“BRB,” I quickly typed into the Microsoft Teams app on my phone as I made my way to the inpatient wards, “I’m just going to look for a nipple!”
In my clinic, we rely on our Teams chat to update the goings-on of the day. The chat consists of clinicians and staff who are on-call for new and urgent consults for that particular day.
And, yes, I know what you’re thinking because I was also thinking the same thought as I was sprinting down the hallway with increasing speed: What kind of workplace requires someone to go searching for a replica nipular accessory.
Well, my job does, I suppose.
Without going into the nitty-gritty of what I do for work on a day-to-day basis, I can honestly assure you that the procurement of such nipple accoutrement is not at all part of my job description- per se.
But we had a hangry baby at the helm and its raging scream-cries were deafening the inhabitants of my clinic hallway. Evidently, his temporary caregivers (unrelated to him) did not bring his bottle with nipple attachment for the ready-to-feed formula. The only thing they had was the actual bottle of formula without any way for an infant of 6-weeks to drink it. I sprang into immediate action.
As I rounded the corner to one of the wards, I spotted a nurse who seemed to be between patients.
“Excuse me (I was panting quite a bit at this point from all the running), do you have any nipples?”
And as soon as those unfortunate words left my mouth, I felt like I was having an out-of-body experience. The nurse was confused and unmoving. I was momentarily befuddled and completely awkward. Who asks a random stranger if they have nipples without any context?!
Well, me, I guess.
“Er… for a baby, I mean. I have a hungry baby in my clinic, and he doesn’t have any nipples to go with his ready-to-feed formula bottles.”
Bless her heart, the nurse knew exactly what I needed and where to get it. “No problem, does he need slow flow, medium, or fast flow?”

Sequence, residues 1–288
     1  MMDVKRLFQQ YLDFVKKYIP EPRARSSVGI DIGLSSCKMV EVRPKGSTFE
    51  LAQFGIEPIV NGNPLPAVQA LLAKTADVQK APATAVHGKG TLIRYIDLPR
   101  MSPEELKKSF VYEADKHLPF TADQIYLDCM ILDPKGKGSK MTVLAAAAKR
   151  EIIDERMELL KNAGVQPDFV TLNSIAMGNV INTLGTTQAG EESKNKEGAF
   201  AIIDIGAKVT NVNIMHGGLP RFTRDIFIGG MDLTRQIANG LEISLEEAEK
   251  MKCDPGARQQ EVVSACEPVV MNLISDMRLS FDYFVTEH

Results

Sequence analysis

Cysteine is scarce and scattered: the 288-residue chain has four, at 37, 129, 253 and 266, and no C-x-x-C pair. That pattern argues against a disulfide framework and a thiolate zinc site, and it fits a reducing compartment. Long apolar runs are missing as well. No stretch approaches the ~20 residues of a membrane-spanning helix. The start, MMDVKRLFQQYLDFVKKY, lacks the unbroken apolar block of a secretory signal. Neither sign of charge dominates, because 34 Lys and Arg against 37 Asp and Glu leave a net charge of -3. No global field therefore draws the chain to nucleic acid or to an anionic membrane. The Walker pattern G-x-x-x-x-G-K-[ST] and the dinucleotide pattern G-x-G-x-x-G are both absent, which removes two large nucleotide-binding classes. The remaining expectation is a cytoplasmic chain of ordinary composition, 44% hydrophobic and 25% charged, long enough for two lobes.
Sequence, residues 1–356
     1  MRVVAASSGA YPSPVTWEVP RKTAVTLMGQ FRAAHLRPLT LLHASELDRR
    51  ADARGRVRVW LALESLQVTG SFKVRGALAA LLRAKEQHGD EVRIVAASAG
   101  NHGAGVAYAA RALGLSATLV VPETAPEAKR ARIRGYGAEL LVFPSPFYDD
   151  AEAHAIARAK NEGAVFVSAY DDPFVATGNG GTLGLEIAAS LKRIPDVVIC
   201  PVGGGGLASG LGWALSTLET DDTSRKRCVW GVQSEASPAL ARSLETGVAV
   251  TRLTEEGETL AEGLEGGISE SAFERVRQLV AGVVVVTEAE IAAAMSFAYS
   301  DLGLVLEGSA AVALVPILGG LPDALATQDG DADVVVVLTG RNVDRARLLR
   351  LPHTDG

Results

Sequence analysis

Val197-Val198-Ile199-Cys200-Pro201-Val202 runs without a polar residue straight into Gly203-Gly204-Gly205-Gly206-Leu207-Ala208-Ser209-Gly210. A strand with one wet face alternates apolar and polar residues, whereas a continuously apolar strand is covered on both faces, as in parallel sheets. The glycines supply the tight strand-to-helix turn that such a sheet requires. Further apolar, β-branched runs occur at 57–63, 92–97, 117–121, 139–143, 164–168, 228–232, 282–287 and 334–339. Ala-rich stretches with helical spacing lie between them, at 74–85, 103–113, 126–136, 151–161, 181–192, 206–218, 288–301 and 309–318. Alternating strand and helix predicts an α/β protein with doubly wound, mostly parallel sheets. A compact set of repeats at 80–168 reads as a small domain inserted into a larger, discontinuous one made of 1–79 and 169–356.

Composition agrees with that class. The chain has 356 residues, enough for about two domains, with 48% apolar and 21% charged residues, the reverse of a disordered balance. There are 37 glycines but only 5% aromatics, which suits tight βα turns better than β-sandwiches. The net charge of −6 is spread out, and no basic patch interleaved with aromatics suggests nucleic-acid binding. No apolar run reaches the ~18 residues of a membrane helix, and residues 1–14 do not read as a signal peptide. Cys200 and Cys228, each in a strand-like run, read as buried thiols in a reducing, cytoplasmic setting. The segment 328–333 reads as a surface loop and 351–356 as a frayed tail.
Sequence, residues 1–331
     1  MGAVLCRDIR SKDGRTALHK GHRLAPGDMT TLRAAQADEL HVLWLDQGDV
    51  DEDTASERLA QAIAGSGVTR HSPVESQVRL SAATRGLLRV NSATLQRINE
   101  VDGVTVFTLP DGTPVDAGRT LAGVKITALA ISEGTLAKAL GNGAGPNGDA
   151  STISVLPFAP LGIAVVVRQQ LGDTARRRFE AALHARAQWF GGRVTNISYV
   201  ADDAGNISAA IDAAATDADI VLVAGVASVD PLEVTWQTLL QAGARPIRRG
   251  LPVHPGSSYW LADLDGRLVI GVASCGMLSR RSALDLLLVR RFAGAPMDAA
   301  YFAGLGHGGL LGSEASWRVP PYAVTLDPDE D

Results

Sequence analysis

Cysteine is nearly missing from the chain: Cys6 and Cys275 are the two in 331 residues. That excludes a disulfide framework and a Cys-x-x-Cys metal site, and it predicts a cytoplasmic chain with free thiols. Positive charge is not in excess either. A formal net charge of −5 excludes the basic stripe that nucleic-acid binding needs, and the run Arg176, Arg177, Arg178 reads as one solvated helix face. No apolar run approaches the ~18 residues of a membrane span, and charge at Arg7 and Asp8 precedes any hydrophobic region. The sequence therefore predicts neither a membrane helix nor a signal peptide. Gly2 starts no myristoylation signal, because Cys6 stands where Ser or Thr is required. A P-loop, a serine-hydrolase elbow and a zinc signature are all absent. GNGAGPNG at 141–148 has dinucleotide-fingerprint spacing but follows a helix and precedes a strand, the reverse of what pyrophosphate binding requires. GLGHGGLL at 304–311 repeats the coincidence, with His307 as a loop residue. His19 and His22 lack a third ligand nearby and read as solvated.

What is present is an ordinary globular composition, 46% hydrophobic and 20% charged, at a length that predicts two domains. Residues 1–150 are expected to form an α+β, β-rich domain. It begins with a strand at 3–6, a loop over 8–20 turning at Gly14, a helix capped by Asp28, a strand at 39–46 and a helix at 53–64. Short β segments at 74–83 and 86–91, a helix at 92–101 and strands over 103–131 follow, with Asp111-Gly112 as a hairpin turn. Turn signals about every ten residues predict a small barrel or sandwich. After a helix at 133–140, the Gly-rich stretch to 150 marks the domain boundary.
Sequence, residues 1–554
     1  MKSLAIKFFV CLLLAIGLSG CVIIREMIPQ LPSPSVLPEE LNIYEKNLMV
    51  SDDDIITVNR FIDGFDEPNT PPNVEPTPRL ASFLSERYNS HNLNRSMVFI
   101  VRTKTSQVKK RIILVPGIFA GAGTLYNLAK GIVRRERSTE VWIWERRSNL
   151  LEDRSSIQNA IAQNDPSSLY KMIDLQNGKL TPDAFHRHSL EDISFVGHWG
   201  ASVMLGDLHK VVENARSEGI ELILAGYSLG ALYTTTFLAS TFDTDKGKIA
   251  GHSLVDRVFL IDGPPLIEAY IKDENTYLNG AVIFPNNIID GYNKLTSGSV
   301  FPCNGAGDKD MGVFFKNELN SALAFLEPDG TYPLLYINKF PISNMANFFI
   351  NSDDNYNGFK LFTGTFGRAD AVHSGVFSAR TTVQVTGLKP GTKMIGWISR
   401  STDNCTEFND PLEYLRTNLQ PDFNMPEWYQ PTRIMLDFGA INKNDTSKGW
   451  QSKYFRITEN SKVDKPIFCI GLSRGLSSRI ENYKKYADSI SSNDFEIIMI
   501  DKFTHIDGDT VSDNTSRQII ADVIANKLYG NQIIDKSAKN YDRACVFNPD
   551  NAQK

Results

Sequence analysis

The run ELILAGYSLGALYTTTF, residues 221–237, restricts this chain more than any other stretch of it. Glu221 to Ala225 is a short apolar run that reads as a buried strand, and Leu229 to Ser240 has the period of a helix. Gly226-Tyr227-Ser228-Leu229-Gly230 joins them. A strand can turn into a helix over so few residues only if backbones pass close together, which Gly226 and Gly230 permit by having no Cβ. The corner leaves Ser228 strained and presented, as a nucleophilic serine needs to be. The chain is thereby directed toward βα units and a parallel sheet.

“I’m sorry, um, what now?” I swear I’d never been asked so many questions when requesting a nipple device. What the heck do you mean by flow and why does it even ma… Oh. Then it all came rushing back to me as she started explaining the significance of each nipple’s flow rate. Flooding me were memories of Charlotte, as an infant, transitioning bottle nipples to accommodate her food intake based on age. A rather important detail that I somehow blocked out of my life entirely.
“Oh, right! Um, I’ll take all the nipples! I don’t know what flow he takes with his milk. I swear, I have a kid myself and you probably wouldn’t even believe me, but I raised her from conception to the age of 4 (and a half, Charlotte would add)!” The nurse acknowledged my gentle humour with a forgiving chuckle, and I was on my way- nipples and all.
As I was recounting the dramatics of the day to co-workers who always appreciate a good laugh, I realized I had blocked it all out because I am in a new era of motherhood. No longer am I in the intense, worrying, and nerve-racking period (the oh-my-God-what-do-I-do-is-this-okay-will-this-negatively-affect-my-baby-long-term phase). Yes, with great pride, I realize I’ve graduated to the next level. I’m in the “they’ll survive” stage.
And that’s an amazing feeling.
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